The original Family Dog “episode” is fun, if not exactly all that interesting. I can see how the novelty of “animation for the whole family” (and not just the kiddies) was something people would notice in the pre-Groening days, but in a post Simpsons universe (and, reminder, Brad Bird worked on that show, too, and even directed Krusty Gets Busted [aka the premiere of the devious Sideshow Bob]), it just comes off as fairly quaint. This was before even the wave of “marginally mature” (aka gross) cartoons like Ren and Stimpy, and, when you’re applying Looney Tunes thinking to your typical sitcom family, you do get something at least remotely remarkable.

The Family Dog TV show was in the works for a number of years, but it finally materialized shortly after The Simpsons became a nationwide phenomena. Unfortunately, my beloved Bird was not involved, but it was a perfectly passable animated sitcom. The titular family dog was prone to a bit more slapstick and lesson learning than in his premiere short, but it was still a generally gentle (again, think early Simpsons era, when Bart was a “bad boy” for speaking ill of cow reproduction), classic sitcom. Here’s the Wikipedia description for episode two of the show:

“When the Binsfords take a trip to the zoo, their pooch tags along and causes plenty of trouble.”

VrooomSee? Typical, dumb sitcom crap. I ate it up as a kid, but I reviewed an episode or two before writing this, and, yeah, I can see why this show only hit eleven episodes (even if the official excuse involves overseas production or some nonsense. Sure, blame all your problems on Asia).

So, because Family Dog, ya know, existed, it received a SNES platformer. It worked for Tim the Tool Man Taylor, so why not use a character that practically already exists in pixels? I actually played this game as a rental back when I was a wee Goggle Bob, because I liked the show, and Super Castlevania 4 was probably already taken that week. I don’t recall getting past the first world, and I know this because I would definitely remember seeing what came next.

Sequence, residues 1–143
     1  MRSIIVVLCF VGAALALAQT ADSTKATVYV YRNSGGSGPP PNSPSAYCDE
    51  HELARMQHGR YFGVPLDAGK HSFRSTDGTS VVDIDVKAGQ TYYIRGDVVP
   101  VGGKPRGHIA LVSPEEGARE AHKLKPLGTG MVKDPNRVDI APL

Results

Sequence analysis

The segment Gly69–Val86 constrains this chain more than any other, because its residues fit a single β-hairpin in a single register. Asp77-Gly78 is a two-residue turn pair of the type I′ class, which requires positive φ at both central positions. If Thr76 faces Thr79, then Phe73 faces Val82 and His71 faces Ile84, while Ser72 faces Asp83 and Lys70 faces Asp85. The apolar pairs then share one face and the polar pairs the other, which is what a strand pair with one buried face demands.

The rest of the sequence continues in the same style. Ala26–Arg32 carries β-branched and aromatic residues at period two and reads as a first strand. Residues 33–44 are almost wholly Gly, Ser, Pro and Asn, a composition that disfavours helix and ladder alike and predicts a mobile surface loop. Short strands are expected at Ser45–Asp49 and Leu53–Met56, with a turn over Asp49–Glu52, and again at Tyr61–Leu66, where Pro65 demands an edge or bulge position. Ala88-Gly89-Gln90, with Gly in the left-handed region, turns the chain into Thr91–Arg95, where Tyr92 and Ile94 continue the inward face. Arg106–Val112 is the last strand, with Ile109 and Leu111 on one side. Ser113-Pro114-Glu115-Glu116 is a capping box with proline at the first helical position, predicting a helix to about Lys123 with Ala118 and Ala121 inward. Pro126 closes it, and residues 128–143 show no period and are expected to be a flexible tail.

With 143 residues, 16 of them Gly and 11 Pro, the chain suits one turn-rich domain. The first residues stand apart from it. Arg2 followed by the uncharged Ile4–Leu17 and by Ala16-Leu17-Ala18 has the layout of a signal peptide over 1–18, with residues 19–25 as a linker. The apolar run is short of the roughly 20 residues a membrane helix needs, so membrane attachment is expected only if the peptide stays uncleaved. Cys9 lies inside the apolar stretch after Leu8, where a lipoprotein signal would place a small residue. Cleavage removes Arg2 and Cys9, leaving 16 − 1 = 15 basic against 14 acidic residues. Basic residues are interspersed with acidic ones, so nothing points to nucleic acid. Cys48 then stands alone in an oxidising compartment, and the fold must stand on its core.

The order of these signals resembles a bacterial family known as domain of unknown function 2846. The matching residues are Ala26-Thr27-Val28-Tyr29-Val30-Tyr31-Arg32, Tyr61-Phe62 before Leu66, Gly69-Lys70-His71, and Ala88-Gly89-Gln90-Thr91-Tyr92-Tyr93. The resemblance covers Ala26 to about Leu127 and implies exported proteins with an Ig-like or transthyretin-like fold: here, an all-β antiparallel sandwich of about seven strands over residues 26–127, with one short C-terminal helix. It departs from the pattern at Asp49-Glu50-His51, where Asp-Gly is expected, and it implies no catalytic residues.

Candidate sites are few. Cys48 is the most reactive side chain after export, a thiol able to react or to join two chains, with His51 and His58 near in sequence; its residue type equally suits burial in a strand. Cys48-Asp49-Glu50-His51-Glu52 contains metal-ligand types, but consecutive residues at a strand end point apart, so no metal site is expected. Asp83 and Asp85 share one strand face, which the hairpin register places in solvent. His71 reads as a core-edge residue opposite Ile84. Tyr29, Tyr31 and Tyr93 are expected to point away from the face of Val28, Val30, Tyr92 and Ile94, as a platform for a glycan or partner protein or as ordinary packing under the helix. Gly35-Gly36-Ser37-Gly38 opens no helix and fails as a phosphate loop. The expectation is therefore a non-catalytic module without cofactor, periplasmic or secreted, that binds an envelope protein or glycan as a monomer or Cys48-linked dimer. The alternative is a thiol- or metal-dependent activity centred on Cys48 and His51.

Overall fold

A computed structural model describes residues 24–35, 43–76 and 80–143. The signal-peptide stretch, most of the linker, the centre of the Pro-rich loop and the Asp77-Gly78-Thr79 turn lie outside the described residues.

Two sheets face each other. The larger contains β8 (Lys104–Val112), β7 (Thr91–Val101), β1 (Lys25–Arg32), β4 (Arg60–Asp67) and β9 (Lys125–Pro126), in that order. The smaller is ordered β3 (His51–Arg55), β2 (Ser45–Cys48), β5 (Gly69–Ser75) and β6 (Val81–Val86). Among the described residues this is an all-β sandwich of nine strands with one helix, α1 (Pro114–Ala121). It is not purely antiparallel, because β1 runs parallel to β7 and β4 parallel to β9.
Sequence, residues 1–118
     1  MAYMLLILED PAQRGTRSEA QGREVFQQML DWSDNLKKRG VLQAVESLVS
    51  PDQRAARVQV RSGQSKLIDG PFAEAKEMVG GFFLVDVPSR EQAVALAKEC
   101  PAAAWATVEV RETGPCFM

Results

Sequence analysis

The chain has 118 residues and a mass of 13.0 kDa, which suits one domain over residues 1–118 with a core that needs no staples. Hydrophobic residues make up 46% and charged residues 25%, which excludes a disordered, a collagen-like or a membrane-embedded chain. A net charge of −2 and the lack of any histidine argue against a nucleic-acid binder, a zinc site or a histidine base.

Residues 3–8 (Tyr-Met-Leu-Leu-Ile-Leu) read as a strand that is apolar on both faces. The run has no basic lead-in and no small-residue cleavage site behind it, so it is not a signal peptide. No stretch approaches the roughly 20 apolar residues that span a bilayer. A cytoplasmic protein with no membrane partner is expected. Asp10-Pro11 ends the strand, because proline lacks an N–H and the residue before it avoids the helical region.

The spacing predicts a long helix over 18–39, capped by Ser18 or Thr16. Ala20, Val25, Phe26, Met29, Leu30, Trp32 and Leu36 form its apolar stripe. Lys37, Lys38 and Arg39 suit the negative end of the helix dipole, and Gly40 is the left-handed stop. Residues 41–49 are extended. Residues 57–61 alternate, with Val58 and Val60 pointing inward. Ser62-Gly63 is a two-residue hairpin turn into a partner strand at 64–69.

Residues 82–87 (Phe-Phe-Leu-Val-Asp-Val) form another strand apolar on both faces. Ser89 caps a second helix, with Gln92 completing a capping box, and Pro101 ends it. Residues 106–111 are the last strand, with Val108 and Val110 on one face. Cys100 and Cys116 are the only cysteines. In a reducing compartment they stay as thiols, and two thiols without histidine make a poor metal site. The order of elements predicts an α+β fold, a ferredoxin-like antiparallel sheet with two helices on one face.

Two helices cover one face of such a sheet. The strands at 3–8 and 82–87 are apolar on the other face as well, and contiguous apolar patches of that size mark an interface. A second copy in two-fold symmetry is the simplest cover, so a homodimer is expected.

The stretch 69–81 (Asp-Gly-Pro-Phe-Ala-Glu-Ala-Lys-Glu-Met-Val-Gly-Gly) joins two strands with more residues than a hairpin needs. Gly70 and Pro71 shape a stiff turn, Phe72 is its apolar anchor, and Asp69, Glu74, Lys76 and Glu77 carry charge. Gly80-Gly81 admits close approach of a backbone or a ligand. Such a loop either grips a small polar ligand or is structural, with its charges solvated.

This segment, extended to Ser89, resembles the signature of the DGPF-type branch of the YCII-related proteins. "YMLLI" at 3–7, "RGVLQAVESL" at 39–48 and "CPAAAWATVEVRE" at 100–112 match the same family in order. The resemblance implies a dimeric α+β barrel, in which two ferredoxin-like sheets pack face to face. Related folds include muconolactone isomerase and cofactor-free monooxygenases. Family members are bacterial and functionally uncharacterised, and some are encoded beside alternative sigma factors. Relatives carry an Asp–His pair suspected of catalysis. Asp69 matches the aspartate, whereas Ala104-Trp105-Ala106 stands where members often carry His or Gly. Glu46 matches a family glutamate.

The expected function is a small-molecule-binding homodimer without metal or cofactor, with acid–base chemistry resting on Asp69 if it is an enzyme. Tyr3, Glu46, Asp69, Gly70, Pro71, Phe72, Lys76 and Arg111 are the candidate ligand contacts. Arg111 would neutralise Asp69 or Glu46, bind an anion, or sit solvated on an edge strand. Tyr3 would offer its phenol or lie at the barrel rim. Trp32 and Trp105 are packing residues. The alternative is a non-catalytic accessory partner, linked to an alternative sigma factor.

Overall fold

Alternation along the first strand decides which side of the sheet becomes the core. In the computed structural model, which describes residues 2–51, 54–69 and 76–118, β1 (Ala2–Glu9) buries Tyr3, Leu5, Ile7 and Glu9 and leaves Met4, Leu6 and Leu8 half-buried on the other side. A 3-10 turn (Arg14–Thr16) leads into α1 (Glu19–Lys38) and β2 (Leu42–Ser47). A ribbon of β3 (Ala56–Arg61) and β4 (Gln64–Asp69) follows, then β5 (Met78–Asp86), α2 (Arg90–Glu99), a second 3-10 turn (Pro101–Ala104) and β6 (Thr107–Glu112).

Now that I have gotten that far, I’m probably going to remember it until the day I die…

Before we go any further, I want to note that I like animals. As a point of fact, I like most animals more than most people. I’m not a misanthrope (well, completely), I just see animals as a lot more pure than human beings (dogs very rarely want anything more than food and pets), so when one is suffering, my absolute first instinct is boundless sympathy; meanwhile, I see a ten year old with a cough, and I assume it’s because the kid secretly egged my house last year. It’s completely irrational, This is why I live with dustbut I absolutely go out of my way to make sure a dog, cat, or even pig is comfortable before I address the creature’s owner. I also very rarely give my human friends belly rubs.

That said, the first world of Family Dog is mostly around-the-house comic mischief. Billy Binsford, the brat of Dog’s family, attempts to harm Dog, and it’s your job to steer the mutt away from danger. There are other hazards, like naked cats and bouncing balls, but your main goal is to simply make it to the right side of the screen without Billy perforating the pooch. Bounce on couches, collect bones, and avoid the vacuum. That thing sucks.

And, yes, Family Dog is in danger the entire time, but it’s Itchy and Scratchy style danger. It might involve some kind of stylized ferocity, but it’s pretty much the definition of cartoon violence. I’m sure there are some dogs that have been seriously injured by cats, but when I see something Tom & Jerry-esque happening, my first thought isn’t of the real world. But that all changes after the initial areas…